New Research Funded to Test a New Drug Targeting Inflammamation in Parkinson’s
Wednesday, 13th July 2022

Shake It Up Australia Foundation together with our partners at The Michael J. Fox Foundation are excited to be co-funding this exciting project to test the effectiveness of a new treatment for Parkinson’s disease (PD), called RRx-001. This drug could be beneficial in PD by blocking inflammasome activation and other mechanisms which drives persistent inflammation that is linked to PD progression.

Read the full press release below:


BRISBANE, AUSTRALIA, July 12, 2022 – University of Queensland researchers will partner with American biopharmaceutical company EpicentRx Inc. to evaluate new treatments for Parkinson’s disease (PD), speeding up development of potential new therapies.

UQ and EpicentRx Inc. will evaluate the effectiveness of RRx-001, the lead compound in a pipeline of small molecules developed by the biopharmaceutical company for investigational treatments, to slow down or halt progression of Parkinson’s disease.

UQ lead and Centre for Clinical Research investigator Dr Richard Gordon said this partnership has been made possible through funding provided by The Michael J, Fox Foundation for Parkinson’s Research (MJFF) and the Shake It Up Australia Foundation (SIUAF),  a not-for-profit organization which promotes and funds Australian research to slow, stop and cure Parkinson’s.

“Initial work on RRx-001 indicates that the compound could provide protection against PD by targeting multiple processes linked to disease progression in the brain, vascular and immune systems,” he said.

“This study will run for two years and is expected to generate key data to support clinical trials with RRx-001 in PD patients.”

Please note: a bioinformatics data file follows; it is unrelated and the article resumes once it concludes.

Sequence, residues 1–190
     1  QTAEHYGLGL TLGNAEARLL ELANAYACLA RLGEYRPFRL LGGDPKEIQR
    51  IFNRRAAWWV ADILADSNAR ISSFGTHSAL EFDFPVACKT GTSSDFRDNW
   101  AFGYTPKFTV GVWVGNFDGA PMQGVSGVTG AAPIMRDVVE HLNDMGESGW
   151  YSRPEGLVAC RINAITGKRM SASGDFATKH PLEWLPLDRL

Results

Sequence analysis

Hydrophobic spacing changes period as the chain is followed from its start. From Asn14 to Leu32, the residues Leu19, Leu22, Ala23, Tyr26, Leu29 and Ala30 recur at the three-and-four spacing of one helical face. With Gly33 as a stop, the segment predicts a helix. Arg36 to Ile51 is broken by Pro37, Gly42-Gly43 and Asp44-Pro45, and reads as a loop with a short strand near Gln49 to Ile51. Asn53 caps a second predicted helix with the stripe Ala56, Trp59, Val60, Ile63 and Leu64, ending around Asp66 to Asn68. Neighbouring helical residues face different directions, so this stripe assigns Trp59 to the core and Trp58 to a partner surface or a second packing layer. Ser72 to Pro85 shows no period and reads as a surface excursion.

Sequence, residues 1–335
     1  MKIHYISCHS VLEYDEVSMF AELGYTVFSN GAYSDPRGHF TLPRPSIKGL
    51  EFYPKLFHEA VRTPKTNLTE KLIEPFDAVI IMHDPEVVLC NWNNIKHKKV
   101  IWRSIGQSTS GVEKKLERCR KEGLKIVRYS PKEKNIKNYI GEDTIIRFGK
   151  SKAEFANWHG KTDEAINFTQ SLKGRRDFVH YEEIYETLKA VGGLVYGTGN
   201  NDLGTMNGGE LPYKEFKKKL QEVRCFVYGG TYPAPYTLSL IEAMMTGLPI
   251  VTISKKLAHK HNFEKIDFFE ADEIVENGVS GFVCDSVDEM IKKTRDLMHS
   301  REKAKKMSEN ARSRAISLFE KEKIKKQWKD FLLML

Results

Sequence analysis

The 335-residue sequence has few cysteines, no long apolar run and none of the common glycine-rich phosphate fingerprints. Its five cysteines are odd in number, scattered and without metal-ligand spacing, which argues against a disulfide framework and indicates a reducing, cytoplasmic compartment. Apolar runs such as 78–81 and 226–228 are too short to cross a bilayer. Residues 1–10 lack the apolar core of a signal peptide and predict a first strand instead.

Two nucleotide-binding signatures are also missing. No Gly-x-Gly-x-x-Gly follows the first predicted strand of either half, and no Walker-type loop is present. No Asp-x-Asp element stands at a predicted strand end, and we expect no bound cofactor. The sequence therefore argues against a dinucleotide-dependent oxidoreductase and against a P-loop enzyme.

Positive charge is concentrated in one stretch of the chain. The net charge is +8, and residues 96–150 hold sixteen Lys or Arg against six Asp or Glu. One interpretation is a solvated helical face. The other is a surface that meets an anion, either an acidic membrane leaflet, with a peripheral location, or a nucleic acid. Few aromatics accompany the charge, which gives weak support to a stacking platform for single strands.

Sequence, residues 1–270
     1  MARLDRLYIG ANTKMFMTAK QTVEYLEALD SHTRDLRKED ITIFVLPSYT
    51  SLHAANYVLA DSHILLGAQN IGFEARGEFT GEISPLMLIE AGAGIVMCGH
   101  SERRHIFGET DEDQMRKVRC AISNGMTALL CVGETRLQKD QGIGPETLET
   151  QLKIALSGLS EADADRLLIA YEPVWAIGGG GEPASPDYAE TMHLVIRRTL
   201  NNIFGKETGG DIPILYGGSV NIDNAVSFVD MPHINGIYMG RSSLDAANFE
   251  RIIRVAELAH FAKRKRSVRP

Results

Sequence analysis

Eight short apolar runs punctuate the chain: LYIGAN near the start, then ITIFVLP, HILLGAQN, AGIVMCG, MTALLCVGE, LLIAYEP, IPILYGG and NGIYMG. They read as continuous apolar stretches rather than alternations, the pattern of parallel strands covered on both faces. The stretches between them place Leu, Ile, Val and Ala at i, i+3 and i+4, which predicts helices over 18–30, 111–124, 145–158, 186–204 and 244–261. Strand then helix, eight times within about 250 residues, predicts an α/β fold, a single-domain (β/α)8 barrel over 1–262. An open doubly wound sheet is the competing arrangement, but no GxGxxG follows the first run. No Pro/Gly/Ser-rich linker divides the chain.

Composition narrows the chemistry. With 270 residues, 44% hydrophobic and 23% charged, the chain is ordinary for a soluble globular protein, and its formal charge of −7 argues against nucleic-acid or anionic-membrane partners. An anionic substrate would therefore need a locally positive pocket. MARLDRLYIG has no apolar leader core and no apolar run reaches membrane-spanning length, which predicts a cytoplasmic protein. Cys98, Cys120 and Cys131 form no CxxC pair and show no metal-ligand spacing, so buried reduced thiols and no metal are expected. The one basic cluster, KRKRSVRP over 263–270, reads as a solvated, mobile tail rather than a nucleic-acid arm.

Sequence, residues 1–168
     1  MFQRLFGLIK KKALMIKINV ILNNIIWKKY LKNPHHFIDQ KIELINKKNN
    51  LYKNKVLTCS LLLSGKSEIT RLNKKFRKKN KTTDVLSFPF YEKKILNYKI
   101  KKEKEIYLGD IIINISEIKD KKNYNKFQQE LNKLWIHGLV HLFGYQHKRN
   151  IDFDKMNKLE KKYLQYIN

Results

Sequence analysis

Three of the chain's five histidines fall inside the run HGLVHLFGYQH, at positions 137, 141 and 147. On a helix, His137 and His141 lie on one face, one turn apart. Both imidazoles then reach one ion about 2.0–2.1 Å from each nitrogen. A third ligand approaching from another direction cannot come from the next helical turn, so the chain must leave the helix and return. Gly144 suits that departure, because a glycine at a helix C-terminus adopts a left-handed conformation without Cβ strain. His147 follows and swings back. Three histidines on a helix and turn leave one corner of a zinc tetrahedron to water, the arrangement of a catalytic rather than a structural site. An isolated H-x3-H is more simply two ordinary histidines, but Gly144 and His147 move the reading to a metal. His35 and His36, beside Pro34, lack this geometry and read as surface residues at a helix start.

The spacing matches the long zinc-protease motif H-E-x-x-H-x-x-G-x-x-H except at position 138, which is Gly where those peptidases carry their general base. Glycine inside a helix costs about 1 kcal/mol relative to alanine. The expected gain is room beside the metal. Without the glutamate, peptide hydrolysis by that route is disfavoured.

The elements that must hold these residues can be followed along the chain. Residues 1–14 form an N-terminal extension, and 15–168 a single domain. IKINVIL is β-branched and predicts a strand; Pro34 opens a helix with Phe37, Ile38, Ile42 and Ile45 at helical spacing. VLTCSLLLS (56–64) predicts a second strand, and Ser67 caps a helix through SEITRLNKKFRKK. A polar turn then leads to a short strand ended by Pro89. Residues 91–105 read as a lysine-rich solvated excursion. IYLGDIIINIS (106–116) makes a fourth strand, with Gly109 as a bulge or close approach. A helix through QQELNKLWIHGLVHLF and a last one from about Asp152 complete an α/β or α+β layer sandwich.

“We are excited to be working with EpicentRx and are grateful for the funding and resources provided by MJFF and SIUAF to evaluate RRx-001,” Dr Gordon said.

Parkinson’s disease is the second most common neurological disease in Australia affecting around 200,000 people nationally, according to the Shake It Up Australia Foundation.

The number of Australians with PD has increased by 17 percent in the past six years with 20 percent of patients aged under 50 years and 10 percent diagnosed by the age of 40.

Founder and CEO of Shake It Up Australia, Mr Clyde Campbell welcomed the UQ– EpicentRx partnership and highlighted the potential for new treatments for people living with PD.

“RRx-001 has been evaluated in human trials for other conditions, which means it can be accelerated as a new treatment for PD, if outcomes from this research are successful,” Clyde Campbell said.

Media: Dr Richard Gordon, (07) 3346 6081; Shake It UP Australia Foundation,, 0413 417 486; UQ Communications, (07) 3365 5118 or 0436 368 746.

About Dr Gordon

Dr Gordon is an Advance Queensland Mid-Career Fellow and Group Leader in Clinical Neuroscience at the UQ Centre for Clinical Research (UQCCR). He received his PhD in Immunology and Toxicology in 2012. His research career has focused on the crucial role of the innate immune system in driving pathological inflammation that is closely linked to progression of Parkinson’s disease. Dr Gordon’s research has contributed to several important advances in his field which have been published in prestigious scientific journals including Nature Communications and Science Translational Medicine. Dr Gordon is also a Certified Toxicologist (ABT) and a member of the Gene Technology Technical Advisory Committee (GTTAC) that provides scientific and technical advice to the Gene Technology Regulator (OGTR) and the Legislative and Governance Forum on Gene Technology.

About EpicentRx Inc.
EpicentRx is a leading-edge biopharmaceutical company with a complementary pipeline of small molecules and cancer targeting virus platforms that represent the next frontier in treating patients with diseases of significant unmet need. With two platforms, CyNRGY andAdAPT, EpicentRx has developed therapies and novel drug delivery devices that fine tune the inflammatory response, turning it ON in cancer and turning it OFF in diseases like Alzheimer’s, Parkinson’s, and congestive heart failure, with emphasis on not just treating the disease but improving quality of life. For more information, visit